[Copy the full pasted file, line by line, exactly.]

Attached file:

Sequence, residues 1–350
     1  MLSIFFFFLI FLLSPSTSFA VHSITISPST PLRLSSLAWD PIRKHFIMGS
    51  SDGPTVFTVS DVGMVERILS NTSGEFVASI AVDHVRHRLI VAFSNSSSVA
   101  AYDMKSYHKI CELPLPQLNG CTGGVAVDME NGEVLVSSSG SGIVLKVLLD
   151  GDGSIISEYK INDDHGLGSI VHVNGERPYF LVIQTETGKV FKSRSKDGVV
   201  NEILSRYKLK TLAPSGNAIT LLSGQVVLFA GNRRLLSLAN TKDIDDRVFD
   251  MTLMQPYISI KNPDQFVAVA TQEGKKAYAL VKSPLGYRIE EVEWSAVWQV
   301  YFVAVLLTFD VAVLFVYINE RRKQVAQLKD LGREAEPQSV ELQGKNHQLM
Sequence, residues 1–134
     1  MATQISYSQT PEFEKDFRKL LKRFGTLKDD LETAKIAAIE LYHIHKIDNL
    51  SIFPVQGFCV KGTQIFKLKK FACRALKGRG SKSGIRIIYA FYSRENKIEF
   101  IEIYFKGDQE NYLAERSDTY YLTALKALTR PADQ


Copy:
Sequence, residues 1–350
     1  MLSIFFFFLI FLLSPSTSFA VHSITISPST PLRLSSLAWD PIRKHFIMGS
    51  SDGPTVFTVS DVGMVERILS NTSGEFVASI AVDHVRHRLI VAFSNSSSVA
   101  AYDMKSYHKI CELPLPQLNG CTGGVAVDME NGEVLVSSSG SGIVLKVLLD
   151  GDGSIISEYK INDDHGLGSI VHVNGERPYF LVIQTETGKV FKSRSKDGVV
   201  NEILSRYKLK TLAPSGNAIT LLSGQVVLFA GNRRLLSLAN TKDIDDRVFD
   251  MTLMQPYISI KNPDQFVAVA TQEGKKAYAL VKSPLGYRIE EVEWSAVWQV
   301  YFVAVLLTFD VAVLFVYINE RRKQVAQLKD LGREAEPQSV ELQGKNHQLM
Sequence, residues 1–134
     1  MATQISYSQT PEFEKDFRKL LKRFGTLKDD LETAKIAAIE LYHIHKIDNL
    51  SIFPVQGFCV KGTQIFKLKK FACRALKGRG SKSGIRIIYA FYSRENKIEF
   101  IEIYFKGDQE NYLAERSDTY YLTALKALTR PADQ